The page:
Given that this blog is usually replete with angry denunciations (and rightly so), it would seem only fair to highlight this almost unbelievable show of solidarity and bravery taking place in Afghanistan during the past week. As most of you will know, the incumbent Afghan government originally dismissed the notion of legislating against the concept of rape within marriage, effectively suggesting that this alleged offence constitutes an oxymoron. Though in terms of intentionality, this must obviously be placed within the context of a regressive, brutalised and illiterate society, and it is possibly a product of a not exactly ignoble desire on the part of its new rulers to forge some degree of continuity with its religious fanatic-dominated recent politics (and thus limit the implications of yet further upheaval, especially in light of the recent resurgence and the events in the Swat Valley), clearly such a policy remains fucking disgusting by any civilised standards. That is one the reasons why the stand taken by protestors against the imposition of such a law is all the more remarkable, in a country which is by turns militarised and lawless according to gepgraphic location within its borders, and in which the response to their march was as predictably vicious as one might anticipate. This excerpt from The Times gives a good flavour of it:
‘As the protesters continued to chant slogans they were often drowned out by counter chants of Allahu akbar (God is greatest). “I am not afraid. Women have always been oppressed throughout history,” Zara, an 18-year-old student, told The Times as men in the crowd lunged forward and screamed abuse.’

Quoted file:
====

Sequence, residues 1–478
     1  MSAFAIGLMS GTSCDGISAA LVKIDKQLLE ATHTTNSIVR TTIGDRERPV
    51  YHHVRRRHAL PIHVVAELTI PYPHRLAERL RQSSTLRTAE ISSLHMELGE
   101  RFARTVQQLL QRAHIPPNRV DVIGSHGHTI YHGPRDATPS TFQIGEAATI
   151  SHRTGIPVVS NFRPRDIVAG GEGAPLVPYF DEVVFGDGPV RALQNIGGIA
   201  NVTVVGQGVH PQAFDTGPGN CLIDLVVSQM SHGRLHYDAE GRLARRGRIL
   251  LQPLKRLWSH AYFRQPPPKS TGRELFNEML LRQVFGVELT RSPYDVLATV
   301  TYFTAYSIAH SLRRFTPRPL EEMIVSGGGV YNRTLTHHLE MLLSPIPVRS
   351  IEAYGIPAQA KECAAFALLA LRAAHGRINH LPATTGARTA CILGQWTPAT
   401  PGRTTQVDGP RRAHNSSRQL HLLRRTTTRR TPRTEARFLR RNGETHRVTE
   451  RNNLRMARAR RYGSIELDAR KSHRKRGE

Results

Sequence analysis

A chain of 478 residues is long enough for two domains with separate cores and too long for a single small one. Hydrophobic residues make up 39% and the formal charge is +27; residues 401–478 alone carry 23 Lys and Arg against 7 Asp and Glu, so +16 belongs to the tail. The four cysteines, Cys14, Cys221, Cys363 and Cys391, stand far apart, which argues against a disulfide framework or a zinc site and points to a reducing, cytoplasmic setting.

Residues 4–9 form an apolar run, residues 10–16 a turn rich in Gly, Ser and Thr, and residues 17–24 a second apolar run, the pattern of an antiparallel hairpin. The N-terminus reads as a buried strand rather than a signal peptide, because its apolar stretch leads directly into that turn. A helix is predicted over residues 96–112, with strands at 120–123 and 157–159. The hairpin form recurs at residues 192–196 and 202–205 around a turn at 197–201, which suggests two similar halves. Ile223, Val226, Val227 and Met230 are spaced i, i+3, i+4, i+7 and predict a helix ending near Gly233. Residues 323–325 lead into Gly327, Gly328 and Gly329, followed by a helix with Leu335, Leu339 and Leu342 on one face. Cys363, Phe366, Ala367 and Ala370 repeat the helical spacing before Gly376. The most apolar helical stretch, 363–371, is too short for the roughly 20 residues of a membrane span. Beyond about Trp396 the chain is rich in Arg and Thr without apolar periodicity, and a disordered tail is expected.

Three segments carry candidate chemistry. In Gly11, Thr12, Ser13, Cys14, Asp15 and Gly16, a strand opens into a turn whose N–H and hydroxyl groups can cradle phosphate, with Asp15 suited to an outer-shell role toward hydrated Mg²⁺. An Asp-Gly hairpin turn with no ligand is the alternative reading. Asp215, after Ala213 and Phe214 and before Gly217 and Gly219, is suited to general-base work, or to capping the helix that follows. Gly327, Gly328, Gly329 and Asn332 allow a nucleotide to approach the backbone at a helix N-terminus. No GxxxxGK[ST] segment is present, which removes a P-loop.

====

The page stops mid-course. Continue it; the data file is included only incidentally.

In a climate of myriad hypocrisies and dreadlocked, privately-educated anthropology students fresh from their gap year joining protests at Cambridge’s Law Faculty in faux-outrage at the plight of the Palestinians (‘Oh, but Syria’s a wonderful place, though, totally misjudged’), more as a means of Trustafarian posturing than anything else, a display like this is almost silence-inducing in its profundity and courage. Of course I’m not directly comparing the two, before anybody suggests that I seek to mock ‘pinkos’ via glib reducto ad absurdum rhetoric. But these events are undeniably moving and a testament to the human spirit, which we usually see mostly in its most snarling form. The simple yet utterly moral, brave, just and conviction-based stance as articulated by these women struck me as especially poignant given that when I saw it highlighted in the Guardian a few days later, it was rather proximal to some vacuous Polly Toynbee wannabe (surely that’s like saying ‘when I grow up I want to be like Forrest Gump!’?) twittering on in that inimitable Guardian feature writer style about ‘My Big Fat Feminist Wedding,’ and her existential angst at seeing her militant, middle-class feminist comrades have a bit of a sneer at her expense for taking the plunge into that filthy centrepiece of the world of oppressive male chauvinism: the dreaded marital union (‘even though I was determined to split the task of arranging it 50/50 between myself and my boyfriend, refusing to bow down to the convention that the woman should organise it because she cares more’). Simper.